Our player evaluations for the 2012-13 season continue today with a look at A.J. Price
Basic stats: 7.7 points, 3.9 assists, 39 percent shooting from the field, 35 percent from three-point range, 12.4 PER, 50.1 true shooting percentage.
Contract status: Price is an unrestricted free agent. The Wizards have Non-Bird Rights on him and can only sign him for 120 percent of the veteran's minimum unless they use an exception.
Preseason expectations: Price was brought in to spell John Wall for 10-15 minutes a night at an affordable price. The Wizards felt Price was undervalued in Indiana and thought he could reasonably play a backup point guard role for the cost of a third-stringer. Unfortunately, Price was forced into starting duty in the early part of the season and failed miserably before settling in line with the Wizards' expectations once Wall returned from injury.
Offense: Price is a player that functions in only a few dimensions. He can run pick and roll, but only sees the initial two plays (drive or pass to the roll man) well. He can hit a three occasionally, but only after missing a bunch and only if he has time to complete his crouch and shooting motion. He can drive every once in a while, but only to catch the defense off guard. Mostly, he just searches for his mid-range jumper that isn't even that effective. There's a reason 317 of his 413 shot attempts were classified as jumpers by NBA.com.
A starting point guard has to see the full geometry of the floor, and this was never Price's strength. Price was good at setting people up for those 17-foot jumpers off the high pick and roll, but rarely manipulated the defense enough to get someone an open layup or three Seventy-six of his 182 assists (42 percent) led to jumpers from 10-23 feet, according to HoopData. By contrast, only 35 percent of Wall's assists led to those kinds of plays.
On the bright side, Price did a nice job taking care of the ball, posting a 3.2 assist/turnover rate and coughing it up on only nine percent of available possessions.
Defense: This is the subject of much debate. Several note how Price can be victimized by blow-bys, but the numbers stack up pretty well in his favor. The Wizards were a point better defensively per 100 possessions with Price in the game, even though he often played with offensively-challenged units that yielded long rebounds and early opportunities for the opposition. One point isn't conclusive, and on/off numbers are far from the be-all, end-all, but the idea that Price hurt the team defensively is somewhat murky.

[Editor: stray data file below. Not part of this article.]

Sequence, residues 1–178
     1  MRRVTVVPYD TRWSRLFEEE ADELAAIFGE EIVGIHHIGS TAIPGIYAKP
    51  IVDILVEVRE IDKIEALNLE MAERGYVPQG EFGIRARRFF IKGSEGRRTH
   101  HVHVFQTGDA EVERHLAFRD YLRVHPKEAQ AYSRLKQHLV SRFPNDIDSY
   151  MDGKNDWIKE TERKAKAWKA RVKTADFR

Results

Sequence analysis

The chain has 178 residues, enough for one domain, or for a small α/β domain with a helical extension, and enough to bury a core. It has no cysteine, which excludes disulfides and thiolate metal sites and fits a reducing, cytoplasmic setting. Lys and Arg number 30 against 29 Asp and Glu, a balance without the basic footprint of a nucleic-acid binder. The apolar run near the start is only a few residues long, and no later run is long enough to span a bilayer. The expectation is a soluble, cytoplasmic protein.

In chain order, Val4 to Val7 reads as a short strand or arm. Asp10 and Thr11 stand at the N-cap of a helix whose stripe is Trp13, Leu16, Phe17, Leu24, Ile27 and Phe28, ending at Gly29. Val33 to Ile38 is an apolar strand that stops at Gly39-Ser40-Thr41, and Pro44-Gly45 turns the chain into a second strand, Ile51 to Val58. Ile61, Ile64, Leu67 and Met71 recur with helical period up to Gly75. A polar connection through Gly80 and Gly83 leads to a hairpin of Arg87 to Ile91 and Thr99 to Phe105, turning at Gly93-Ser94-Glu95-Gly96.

Price's strength is his ability to hawk the ball away from the hoop, a skill many coaches value in backup point guards. His pick and roll defense is usually decent, though he's prone to running into the screener too easily. Whether Price's ability to do these things is unique or can be duplicated by any hungry minimum-salary fringe player remains to be seen.
Overall, though, I'd say Price is a solid defender.
Did he meet, exceed or fall short of expectations? He met mine as soon as he was given the role he was paid to handle. His stint as the starter was a disaster as expected, but for a veteran's minimum backup point guard, he did OK.
Overall: It's hard to complain too much considering how much Price cost. If he's playing 10 minutes a game or so as a backup point guard, he can be useful to a team. Anything more, though, and his role has been stretched too thin. Those limitations show and he ends up being exposed.
The Wizards need to decide if they can live with Price as the primary backup or if they need an upgrade that can play alongside Wall or Bradley Beal easily. With so many teams going to situational dual point guard lineups, an upgrade on Price would be nice, but is it nicer than filling other holes? The Wizards need to make that decision. (And, of course, if they don't sign another point/combo guard, the reason should be to plug another hole on the roster).
Either way, bringing Price back for another veteran's minimum contract is OK by me.